There was a Cetti's Warbler flying quite openly between the reeds and brambles this morning as I made my way along the western edge of Brooklands lake. You wouldn't normally expect to see them like that but these are desperate times if you are a 'little brown job' and perhaps even more desperate if you rely on open water to feed, like Ducks, Kingfishers, Grebes and Herons. At the moment there isn't any open stillwater at New Hythe lakes as the picture of Brooklands lake above shows. There were about twenty Coots strung out in a line making their way to the centre of the lake to avoid a couple of big black dogs bounding around the edge. The person in the left of the picture is Alan Woodcock, I saw his car in the car park earlier. I hope he had as good a walk as I did today.
Abbey Mead is also 99% frozen with just a small twenty foot by twenty foot patch of open water (below) containing dozens of birds including Mallards,Shovelers,Gt Crested Grebes, Tufties and Coots. Thankfully this piece of unfrozen water is on the eastern side of the lake which is pretty inaccessible so at least they don't get disturbed. Except that is by the odd fox (above) who chanced his luck on the ice this morning. While I watched, a Kingfisher landed in the small tree next to me and then he headed for the tree next to the open water, fat chance of finding fish there though I fear.
It was a similar story on the Railway lake, it too has only a very small piece of unfrozen water to offer the few remaining Coots. As I stood by the lake I had one of half a dozen sightings of a Sparrowhawk, this one chased a Redwing into the lakeside bushes alongside me but flew away empty handed this time. The other sighting here was a flyover Skylark and a Mistle Thrush, both new species for the December NH list. I continued on to have a look at Streamside lake and maybe find a Redpoll in the Alder trees there but i didn't find one. Maybe it was something to do with the shouting lady with the five barking dogs, or maybe i'm just getting cynical. Either way I stayed until the noise had faded into the distance and then retraced my footsteps to cross back over the railway line. But as I passed the south west corner of Railway lake again a Bittern flew up from the first fisherman's swim there, right next to the wide, often busy path that skirts the East scrub. I managed to quickly get a poor rear view shot as he flew off towards Streamside. That's the first Bittern i've ever seen on this lake and where it flew up from is solid ice, another desperate situation I think.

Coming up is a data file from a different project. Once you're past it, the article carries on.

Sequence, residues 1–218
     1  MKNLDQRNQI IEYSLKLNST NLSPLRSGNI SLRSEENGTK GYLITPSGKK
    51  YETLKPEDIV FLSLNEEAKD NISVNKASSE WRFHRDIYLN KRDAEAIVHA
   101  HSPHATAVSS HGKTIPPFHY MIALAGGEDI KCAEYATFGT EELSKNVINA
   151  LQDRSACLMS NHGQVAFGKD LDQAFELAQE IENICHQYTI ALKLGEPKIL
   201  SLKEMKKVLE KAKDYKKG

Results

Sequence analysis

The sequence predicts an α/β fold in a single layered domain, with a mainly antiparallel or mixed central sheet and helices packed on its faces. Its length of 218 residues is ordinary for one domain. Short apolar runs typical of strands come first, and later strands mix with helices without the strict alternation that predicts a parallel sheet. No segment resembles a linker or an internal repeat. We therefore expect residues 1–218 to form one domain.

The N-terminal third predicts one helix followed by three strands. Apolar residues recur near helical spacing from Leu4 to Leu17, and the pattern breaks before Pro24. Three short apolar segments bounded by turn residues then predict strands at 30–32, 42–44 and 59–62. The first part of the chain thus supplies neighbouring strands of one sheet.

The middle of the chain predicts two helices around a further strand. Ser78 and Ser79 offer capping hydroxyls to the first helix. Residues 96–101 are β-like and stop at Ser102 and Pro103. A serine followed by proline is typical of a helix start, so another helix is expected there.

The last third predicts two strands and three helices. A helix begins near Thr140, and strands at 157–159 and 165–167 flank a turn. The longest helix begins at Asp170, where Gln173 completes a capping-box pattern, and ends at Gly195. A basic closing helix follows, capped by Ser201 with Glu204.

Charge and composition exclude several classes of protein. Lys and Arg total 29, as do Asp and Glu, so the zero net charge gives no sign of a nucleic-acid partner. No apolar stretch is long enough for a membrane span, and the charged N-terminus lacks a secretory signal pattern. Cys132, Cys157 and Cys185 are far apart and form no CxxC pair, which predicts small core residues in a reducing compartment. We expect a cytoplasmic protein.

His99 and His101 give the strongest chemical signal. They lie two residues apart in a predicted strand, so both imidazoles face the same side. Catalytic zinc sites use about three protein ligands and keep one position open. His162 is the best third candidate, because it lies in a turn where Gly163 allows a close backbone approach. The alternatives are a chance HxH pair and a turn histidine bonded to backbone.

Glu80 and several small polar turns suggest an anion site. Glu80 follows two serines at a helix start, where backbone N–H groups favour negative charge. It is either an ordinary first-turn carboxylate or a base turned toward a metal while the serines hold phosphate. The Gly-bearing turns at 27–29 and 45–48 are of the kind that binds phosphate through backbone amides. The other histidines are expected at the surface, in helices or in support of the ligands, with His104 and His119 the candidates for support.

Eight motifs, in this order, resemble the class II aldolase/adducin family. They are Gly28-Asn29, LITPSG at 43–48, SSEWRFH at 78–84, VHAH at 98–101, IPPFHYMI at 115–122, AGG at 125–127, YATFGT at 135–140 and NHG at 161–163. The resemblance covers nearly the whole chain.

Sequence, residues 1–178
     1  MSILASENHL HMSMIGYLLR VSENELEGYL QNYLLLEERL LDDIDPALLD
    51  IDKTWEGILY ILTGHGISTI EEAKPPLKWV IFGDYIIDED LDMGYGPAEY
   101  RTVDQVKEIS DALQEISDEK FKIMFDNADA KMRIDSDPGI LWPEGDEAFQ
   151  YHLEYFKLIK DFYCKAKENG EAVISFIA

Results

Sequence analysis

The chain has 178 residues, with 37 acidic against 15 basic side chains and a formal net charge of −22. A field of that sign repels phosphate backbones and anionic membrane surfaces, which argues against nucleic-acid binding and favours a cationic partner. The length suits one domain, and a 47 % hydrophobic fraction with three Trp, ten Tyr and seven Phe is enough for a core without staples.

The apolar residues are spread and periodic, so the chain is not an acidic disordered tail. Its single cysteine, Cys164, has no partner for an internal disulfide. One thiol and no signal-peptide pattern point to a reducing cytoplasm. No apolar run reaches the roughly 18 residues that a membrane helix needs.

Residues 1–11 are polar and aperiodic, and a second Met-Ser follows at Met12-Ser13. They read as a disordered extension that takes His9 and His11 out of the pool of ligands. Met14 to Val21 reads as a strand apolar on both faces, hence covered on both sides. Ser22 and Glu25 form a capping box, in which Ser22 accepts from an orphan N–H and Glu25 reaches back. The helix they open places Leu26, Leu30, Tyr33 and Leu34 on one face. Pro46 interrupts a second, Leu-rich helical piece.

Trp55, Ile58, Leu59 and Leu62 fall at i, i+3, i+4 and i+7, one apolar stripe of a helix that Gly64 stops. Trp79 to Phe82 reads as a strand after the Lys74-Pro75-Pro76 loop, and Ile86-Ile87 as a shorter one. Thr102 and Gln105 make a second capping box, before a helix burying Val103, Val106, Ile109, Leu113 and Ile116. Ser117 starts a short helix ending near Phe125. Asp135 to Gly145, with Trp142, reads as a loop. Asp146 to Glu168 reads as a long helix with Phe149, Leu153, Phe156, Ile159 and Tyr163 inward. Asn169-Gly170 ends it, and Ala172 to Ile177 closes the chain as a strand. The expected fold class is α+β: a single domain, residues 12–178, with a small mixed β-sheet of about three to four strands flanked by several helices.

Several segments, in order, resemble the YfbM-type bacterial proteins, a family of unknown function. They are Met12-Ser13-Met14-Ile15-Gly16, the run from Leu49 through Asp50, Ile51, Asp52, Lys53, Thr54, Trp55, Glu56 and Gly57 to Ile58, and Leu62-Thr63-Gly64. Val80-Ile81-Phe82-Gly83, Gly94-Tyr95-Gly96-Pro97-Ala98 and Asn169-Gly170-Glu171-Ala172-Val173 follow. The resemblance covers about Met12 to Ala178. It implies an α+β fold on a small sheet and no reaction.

There were a lot of Redwings along this path and a few more Fieldfares than usual but they are still extremely shy and the picture below is the best I could do, but even that is better than I normally get.
Then came the next surprise, another Bittern, I've seen more at New Hythe so far this winter than I've seen in my lifetime. This one was also on the Railway lake, standing on the ice under the Willows on the Eastern edge. It was almost out in the open and was visible from the main path just before the railway crossing. There was no chance of finding food there because as the picture below shows it is solid ice.
Maybe that's why he decided to leave and try somewhere else, although goodness knows where. I wondered if they might visit the reeedbeds alongside the river but I somehow doubt it as I think they prefer fresh water and the river here is brackish being tidal. The in flight efforts below are a bit blurry but I've left them in to show some plumage and wing shape which isn't often seen.
With the river path still probably blocked and a high tide spilling over into the adjacent ditches I decided to walk down the wide path where a large flock of mainly Long tailed Tits were feeding in the Oaks alongside and another Sparrowhawk made a failed attempt to find food. At the end of this path I planned to join up with the sunken marsh path but before I did I walked along to the small bridge by the river and there, to my surprise was a female Goldeneye, the first i've ever seen on the river. I took a couple of pictures and was about to go when a small Grebe flew past me heading north along the river, it was either a Slavonian or a Black necked Grebe, I can't be sure which but I lean towards Slavonian purely from the shape of the black crown. I wondered if it had come down in the area of the creek further downstream by the small wood. So that's where I headed next.
On the way I spotted this handsome Fox, just as he spotted me, he was a superb looking specimen with a really red coat and a fine tail, he certainly seems to be survivng the weather OK. Perhaps he's one of the three that have been visiting my garden lately and eating the chicken I leave out for them.
It's been quite a long story today so I'll cut it short and say that I didn't find the Slavonian Grebe, but I did find a Water Rail in the creek and saw four Snipe and a Grey Wagtail over the river as well as two Reed Buntings which are another addition to the December list bringing the total to 65 species. Coincidentally a certain person did predict a figure of 65 for this month, you know who you are Warren! I'll obviously try my best to reach 66 now.